1 328 Proceedings of the Estonian Academy of Sciences, 2014, 63, 3, doi: /proc Available online at Evaluation of the ACR MRI phantom for quality assurance tests of 1.5 T MRI scanners in Estonian hospitals Doris Kaljuste a* and Mait Nigul b a Department of Biomedical Engineering at Tallinn University of Technology, Ehitajate tee 5, Tallinn, Estonia b East-Tallinn Central Hospital, Ravi 18, Tallinn, Estonia Received 25 February 2014, revised 5 May 2014, accepted 20 June 2014, available online 28 August 2014 Abstract. Since its discovery, magnetic resonance imaging (MRI) has been one of the main methods of imaging in radiology. So far, there are not many national or international guidelines for MRI quality assurance compared to imaging methods that are using ionizing radiation. American College of Radiology (ACR) has an accreditation program that includes a standardized image quality measurement protocol and a phantom. Seven important assessments of MRI image quality are included with acceptance criteria. The aim of this study was to determine whether using the ACR MRI phantom would be a suitable quality assurance method for MRI systems in Estonia. In order to determine if the ACR MRI phantom would be a suitable quality assurance method for MRI systems in Estonia, six MRI scanners were tested using the ACR MRI accreditation program phantom and method. Information about the image quality was obtained and 33% of the MRI scanners passed all seven assessments. In conclusion, the ACR MRI phantom is a suitable test body for some of the MRI scanners in Estonia and should be considered to be used for regular quality testing. Due to the fact that in some cases the ACR MRI phantom did not fit into the head coil, using the ACR MRI phantom cannot be nationally required and other quality assurance phantoms should also be assessed. Adding signal-to-noise ratio assessment to seven assessment criteria, provided by ACR quality assurance manual, and developing an automated ACR quality assurance procedure would make quality assurance with ACR MRI phantom more beneficial. Key words: magnetic resonance imaging, ACR MRI phantom, quality assurance, MRI image quality. 1. INTRODUCTION * Since the inception of magnetic resonance imaging its influence to healthcare and medical imaging has been enormous. In 2007 there were already more than magnetic resonance imaging (MRI) scanners regularly in use . In Estonia, 13 MRI scanners were in use in 2011 and more than MRI studies were made in that year . MRI is a combination of advanced science and engineering, including the use of superconductivity, cryogenics, quantum physics, digital and computer technology. In short, MRI is a very sensitive imaging method that is based on the amount and properties of water, which is the constituent part in 70% to 90% of * Corresponding author, most tissues . Due to the fact that MRI scanners are greatly complex in nature and have very high accuracy demands, the scanners are very vulnerable to technical and image quality problems. Images from different scanners should fulfil the same technical and clinical standards and that makes regular quality assurance (QA) essential to MRI scanners . So far there are not many national or international guidelines for MRI quality assurance, but substantial work has been done. Special phantoms for QA have been made. Most known are the Eurospin phantoms, MagNET phantoms, and American College of Radiology (ACR) phantoms. Manufacturers of the MRI scanners also make their own quality assurance tests, but protocols, standards and phantoms for these tests are usually model specific and concentrate on the stability of mechanical components and electronic circuits. QA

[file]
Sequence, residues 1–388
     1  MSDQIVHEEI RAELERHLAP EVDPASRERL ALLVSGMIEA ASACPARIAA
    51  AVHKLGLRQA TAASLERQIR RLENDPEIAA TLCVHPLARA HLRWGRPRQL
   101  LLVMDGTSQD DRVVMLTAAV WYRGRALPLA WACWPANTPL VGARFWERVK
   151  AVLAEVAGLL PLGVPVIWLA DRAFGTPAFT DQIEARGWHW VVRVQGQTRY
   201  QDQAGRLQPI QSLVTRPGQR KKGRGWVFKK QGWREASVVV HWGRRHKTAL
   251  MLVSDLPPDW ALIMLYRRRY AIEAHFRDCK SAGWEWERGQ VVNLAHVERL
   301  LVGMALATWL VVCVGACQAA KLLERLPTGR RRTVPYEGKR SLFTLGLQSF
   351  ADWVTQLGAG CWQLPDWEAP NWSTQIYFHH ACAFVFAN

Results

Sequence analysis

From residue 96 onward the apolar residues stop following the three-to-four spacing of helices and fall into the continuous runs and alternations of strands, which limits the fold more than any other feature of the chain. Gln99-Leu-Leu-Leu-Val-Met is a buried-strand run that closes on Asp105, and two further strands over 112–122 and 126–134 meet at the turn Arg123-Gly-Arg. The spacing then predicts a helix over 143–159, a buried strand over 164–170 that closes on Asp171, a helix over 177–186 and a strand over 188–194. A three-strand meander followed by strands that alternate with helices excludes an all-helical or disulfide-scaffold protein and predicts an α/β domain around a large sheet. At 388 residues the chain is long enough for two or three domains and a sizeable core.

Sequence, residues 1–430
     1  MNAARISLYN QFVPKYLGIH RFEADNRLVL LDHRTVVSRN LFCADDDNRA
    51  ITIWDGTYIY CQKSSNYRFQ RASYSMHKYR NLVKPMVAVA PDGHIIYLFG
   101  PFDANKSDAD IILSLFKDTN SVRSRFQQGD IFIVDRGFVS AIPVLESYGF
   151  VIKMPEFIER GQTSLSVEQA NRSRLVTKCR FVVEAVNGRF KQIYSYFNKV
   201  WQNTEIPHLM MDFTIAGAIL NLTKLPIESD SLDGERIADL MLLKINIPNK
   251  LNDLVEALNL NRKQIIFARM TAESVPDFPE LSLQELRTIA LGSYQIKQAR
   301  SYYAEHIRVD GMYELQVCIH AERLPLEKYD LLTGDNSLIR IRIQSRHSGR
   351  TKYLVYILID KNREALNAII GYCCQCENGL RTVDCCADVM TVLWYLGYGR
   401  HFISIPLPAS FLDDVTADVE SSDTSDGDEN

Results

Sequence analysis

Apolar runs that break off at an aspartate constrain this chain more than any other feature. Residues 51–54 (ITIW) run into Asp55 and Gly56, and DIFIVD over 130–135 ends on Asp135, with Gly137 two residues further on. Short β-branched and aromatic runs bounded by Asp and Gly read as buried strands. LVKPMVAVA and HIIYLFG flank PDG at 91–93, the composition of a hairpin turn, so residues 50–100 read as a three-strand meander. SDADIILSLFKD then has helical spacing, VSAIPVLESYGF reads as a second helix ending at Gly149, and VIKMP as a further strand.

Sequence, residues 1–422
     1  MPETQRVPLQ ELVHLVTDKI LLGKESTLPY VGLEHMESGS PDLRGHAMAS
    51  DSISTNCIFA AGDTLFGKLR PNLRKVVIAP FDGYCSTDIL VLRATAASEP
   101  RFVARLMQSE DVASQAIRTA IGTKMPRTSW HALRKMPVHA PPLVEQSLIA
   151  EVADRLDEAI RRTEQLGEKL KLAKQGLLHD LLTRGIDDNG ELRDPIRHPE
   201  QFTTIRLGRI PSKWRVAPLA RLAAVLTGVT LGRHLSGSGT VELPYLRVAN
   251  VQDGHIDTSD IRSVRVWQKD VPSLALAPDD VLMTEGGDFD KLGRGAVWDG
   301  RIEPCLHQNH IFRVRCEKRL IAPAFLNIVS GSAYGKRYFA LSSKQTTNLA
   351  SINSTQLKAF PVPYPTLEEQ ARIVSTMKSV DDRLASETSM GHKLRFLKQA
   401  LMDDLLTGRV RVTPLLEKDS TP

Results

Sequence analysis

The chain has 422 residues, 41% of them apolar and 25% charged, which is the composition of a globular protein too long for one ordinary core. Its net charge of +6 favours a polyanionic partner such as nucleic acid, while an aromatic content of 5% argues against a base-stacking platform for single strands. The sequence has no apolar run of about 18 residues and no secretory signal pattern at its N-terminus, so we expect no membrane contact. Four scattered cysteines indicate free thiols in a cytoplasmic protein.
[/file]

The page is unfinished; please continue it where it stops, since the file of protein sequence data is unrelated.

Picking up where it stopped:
2 D. Kaljuste and M. Nigul: Evaluation of the ACR MRI phantom 329 test procedures as well as construction of test phantoms from different MRI systems manufacturers are different and therefore the tests results are not comparable. In contrast, Eurospin, MagNET, and ACR phantoms concentrate on the image quality and are independent of manufacturers and models, making it possible to perform the same quality assurance tests to different MRI scanners. Developing a nation-wide manufacturer independent QA protocol gives an opportunity to compare different scanners and assure that images from different scanners are with the same quality. Most importantly, the minimum image quality level should be equal in all MRI scanners in the nation. Also test procedures and phantoms of MRI systems manufacturers are not proper to evaluate the essential image quality parameters determined in the national standard EVS-EN :2007. To this day, regular manufacturer independent quality assurance tests for MRI scanners are not made in Estonian hospitals. To establish a nation-wide MRI QA protocol, a suitable MRI QA phantom should be chosen and verified. The phantom should be in conformity with the EVS-EN :2007 standard and usable with all the MRI scanners in Estonia. In this research note, quality tests with ACR MRI phantom were made to establish if the ACR MRI phantom is a suitable quality assurance test body and should it be considered to be used for regular manufacturer independent quality testing in Estonian hospitals. 2. MATERIALS AND METHODS 2.1. ACR MRI phantom American College of Radiology has created many phantoms for accreditation purposes. For MRI scanners, two standardized phantoms, large and small, have been created to estimate the technical quality of images . Large phantom is designed to be used in head coils and is used for testing most of the scanners. The small phantom is scanned in the knee coil and is only used for extremity-only units. Although the ACR MR phantom was designed for ACR accreditation purposes, different MR sites are utilizing the phantom for MR image quality assurance and system performance testing . Seven important parameters for the assessments of MRI image quality are included with recommended acceptance criteria. These parameters are: (i) geometric accuracy, (ii) high-contrast spatial resolution, (iii) slice thickness accuracy, (iv) slice position accuracy, (v) image intensity uniformity, (vi) percent signal ghosting, and (vii) low-contrast object detectability. All these parameters are specified in EVS-EN :2007 standard for routine QA in MRI sites. The ACR MRI phantom is a short hollow cylinder of acrylic plastic filled with a solution of nickel chloride and sodium chloride (10 mm NiCl 2 and 75 mm NaCl). The inside length of the phantom is 148 mm and diameter 190 mm. Inside the phantom are several structures that are necessary to test the scanner performance . All QA tests were performed once on each scanner during November, The phantom was laid to the centre of the head coil as a head would be in the coil. For the positioning marks nose and chin were used. After the first positioning, a non-metallic bubble level was used to make the positioning more precise. For the quality assurance, three different scans were made with parameters, specified by the ACR accreditation program. These scan protocols and parameters are shown in Table 1. Examples of the locator slice and eleven ACR Axial T1 slices are presented in Fig. 1, where after the locator eleven slices follow, starting with slice 1 and ending with slice 11. In this paper the evaluation of images were performed as instructed by the ACR. The evaluation was done with the K-Pacs v DICOM viewer, because it is one of the non-commercial suitable DICOM image viewer software, recommended by the ACR and is used in several imaging departments in Estonia . In comparison with other MRI QA tests, ACR MRI QA tests have shorter image acquisition times . Scanning the fixed phantom with previously adjusted protocol takes less than 13 min. ACR MRI QA method is globally known and used. At the moment, there are already two large phantoms and one small phantom in Estonia MRI scanners Six whole body MRI scanners in clinical use in five different hospitals were tested using the large ACR MRI phantom during November, Three scanners were manufactured by General Electric Healthcare (Optima MR450w, Signa Hde, Signa HDx), two scanners by Siemens Healthcare (Avanto, Symphony), and one by Philips Healthcare (Ingenia). The oldest scanner was from the year 2001 and the newest from the year All tested scanners had the field strength of 1.5 T. Study Table 1. Scan parameters ACR sagittal locator ACR Axial T1 ACR Axial T2 double-echo Pulse sequence Spin echo Spin echo Spin echo TR, ms TE, ms /80 FOV, cm Number of slices Slice thickness, mm Slice gap, mm 5 5 NEX Matrix Scan time (min:sec) 0:56 2:16 8:56